‘The Drapery Falls’ is still the quintessential Opeth track, a year zero for the band in terms of coining their identity; it’s dreamy, folk-influenced opening slowly, methodically giving way to a tense, aggressive climax punctuated by aggressive DM vocals and double-bass work whilst the distinctive, ominous motifs and African-influenced rhythms of ‘The Great Conjuration’ show how far the band have come in terms of songwriting, an epic, elegiac study in musical open-mindedness.

Conversely, it’s worth pointing out that not all of the crowd were as enamoured with Opeth’s performance as I, as their lengthy progressive excursions demand a certain degree of attentiveness from the audience, and Bloodstock isn’t really renowned for the studious nature of its audience. That said, an entirely appropriate cover of ‘Catch a Rainbow’ made the crowd come alive in tribute to it’s fallen brother, before ‘Demon of the Fall’ made a welcome appearance to finish proceedings in a more fiery manner.

And so the first day came to a close, and in time-honoured tradition it inspired even more ridiculous amounts of boozing and general arsing-about that even this reviewer awoke with a start in the wee hours of Saturday morning in his tent, having last remembered drinking cider from a box at around midnight. This was a theme that would continue throughout the weekend.

First up on the Saturday were thrashers EVILE making a triumphant return to the festival that broke them, this time armed with two well-received platters of contemporary thrash metal, a Metal Hammer award under their belts, and a slot on the main stage rather than the unsigned bands tent.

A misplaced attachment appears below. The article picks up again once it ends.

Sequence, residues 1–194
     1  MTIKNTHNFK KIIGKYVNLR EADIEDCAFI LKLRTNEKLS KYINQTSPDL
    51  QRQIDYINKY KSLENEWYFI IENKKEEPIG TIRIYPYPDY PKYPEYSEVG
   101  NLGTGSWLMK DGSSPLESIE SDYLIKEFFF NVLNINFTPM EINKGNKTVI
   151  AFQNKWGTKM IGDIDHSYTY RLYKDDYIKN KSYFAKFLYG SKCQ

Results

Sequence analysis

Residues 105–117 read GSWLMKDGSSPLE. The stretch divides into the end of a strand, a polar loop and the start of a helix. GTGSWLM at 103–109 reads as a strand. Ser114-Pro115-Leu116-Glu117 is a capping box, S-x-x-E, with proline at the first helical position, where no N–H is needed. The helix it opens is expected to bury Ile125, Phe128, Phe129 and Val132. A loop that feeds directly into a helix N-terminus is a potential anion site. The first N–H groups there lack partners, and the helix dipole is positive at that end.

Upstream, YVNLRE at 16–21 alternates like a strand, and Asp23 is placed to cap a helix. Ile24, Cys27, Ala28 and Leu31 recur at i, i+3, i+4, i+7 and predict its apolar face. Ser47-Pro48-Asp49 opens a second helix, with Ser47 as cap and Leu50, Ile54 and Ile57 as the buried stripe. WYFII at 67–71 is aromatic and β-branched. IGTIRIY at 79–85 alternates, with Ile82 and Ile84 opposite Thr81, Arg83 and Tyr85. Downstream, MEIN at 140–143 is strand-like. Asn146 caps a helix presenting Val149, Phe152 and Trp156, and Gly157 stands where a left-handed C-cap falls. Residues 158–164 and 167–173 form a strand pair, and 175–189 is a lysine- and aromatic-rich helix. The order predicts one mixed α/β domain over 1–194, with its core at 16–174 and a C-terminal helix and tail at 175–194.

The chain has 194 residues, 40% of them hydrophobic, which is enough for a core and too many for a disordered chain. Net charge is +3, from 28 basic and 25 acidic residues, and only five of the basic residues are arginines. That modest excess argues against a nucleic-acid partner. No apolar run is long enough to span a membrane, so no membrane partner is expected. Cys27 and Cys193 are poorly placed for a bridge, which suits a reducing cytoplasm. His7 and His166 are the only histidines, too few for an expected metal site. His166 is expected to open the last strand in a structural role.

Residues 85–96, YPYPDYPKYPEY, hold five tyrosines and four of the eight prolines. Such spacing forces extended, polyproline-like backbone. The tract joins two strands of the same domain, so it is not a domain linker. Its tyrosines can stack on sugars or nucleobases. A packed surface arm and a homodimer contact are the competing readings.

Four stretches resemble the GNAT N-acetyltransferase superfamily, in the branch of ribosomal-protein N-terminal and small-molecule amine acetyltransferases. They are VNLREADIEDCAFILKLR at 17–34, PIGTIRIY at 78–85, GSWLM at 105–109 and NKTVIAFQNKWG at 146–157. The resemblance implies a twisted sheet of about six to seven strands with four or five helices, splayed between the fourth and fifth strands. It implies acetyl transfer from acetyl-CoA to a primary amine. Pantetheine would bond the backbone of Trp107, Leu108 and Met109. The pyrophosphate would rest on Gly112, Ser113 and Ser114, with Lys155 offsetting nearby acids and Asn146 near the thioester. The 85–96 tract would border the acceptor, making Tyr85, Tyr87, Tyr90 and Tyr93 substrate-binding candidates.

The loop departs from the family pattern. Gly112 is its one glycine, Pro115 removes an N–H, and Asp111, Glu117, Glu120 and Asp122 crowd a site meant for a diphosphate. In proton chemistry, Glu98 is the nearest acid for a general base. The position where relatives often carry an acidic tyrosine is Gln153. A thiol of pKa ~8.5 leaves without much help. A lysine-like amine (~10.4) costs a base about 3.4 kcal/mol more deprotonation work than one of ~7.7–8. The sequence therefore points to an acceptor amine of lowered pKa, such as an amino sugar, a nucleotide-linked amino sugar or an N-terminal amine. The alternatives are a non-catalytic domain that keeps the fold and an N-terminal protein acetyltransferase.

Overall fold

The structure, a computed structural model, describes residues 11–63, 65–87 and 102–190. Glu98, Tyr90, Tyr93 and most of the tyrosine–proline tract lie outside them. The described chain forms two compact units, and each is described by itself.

With vocalist/guitarist Ol Drake doing his damndest to rouse the few thousand bleary-eyed revellers present at this ungodly hour, the material taken from albums ‘Enter the Grave’ and ‘Infected Nation’ ensured that any nagging headaches from the night before were multiplied tenfold with their irresistible headbangability.


With the outpouring of goodwill generated from the pit almost tangible in light of the passing of original bassist Mike Alexander last year, Evile could have took to the stage and performed a half hour drone experiment and gone down a storm regardless. However, with the likes of the aptly titled ‘Thrasher’ radiating with the youthful, frenetic exuberance of early-period Metallica, it was clear that the audience cared only about the business end of their music, and with thrashin’ as their business, business is clearly looking up.

Following up the vim and spunk of the youngsters, ONSLAUGHT, the old guard of UK thrash metal swiftly followed, and they made an interesting contrast to their more youthful counterparts. Having enjoyed relative success in the early eighties with their renowned 1986 album, ‘The Force’, they split in the early nineties until reforming with their comeback ‘Killing Peace’ album in 2007.

Their set consisted of tracks from both eras, with the earlier material boasting an almost punkish aggression, whilst the newer tracks boasting a more professional sheen, and the news that the band are to decamp to write their second, post-reunion album tentatively titled ‘Sounds of Violence’ was met with widespread enthusiasm. Onslaught will be playing the Birmingham Asylum in October this year, so those into thrash — especially thrash with a particularly Satanic bent — would be advised to add that date to their diaries.


And so to OBITUARY, Florida’s swamp dwelling purveyors of the dirtiest, grooviest Death Metal around, who enjoyed a heroes welcome despite a recent trawl of the UK circuit this past March. Opening with ‘Redneck Stomp’ the low growl of the bands guitars seemed to struggle to cut through the mix, although with John Tardy’s iconic roar lolloping out alongside it, they still made a serious impact upon the crowd, most of whom seemed giddy to headbang along to some of the vilest riffs in DM history.

That said, the mid-afternoon slot afforded them little in the way of atmosphere, and having seen them in the darkened confines of the Academy earlier in the year, the insistent sunlight definitely detracted from the turgid, swampy riffing and video-nasty atmosphere the band create so well when on form. Despite a closing romp through a ‘Cause of Death’ medley and ‘Slowly We Rot’, you couldn’t escape the underlying feeling that this was simply an average performance by an above-average band.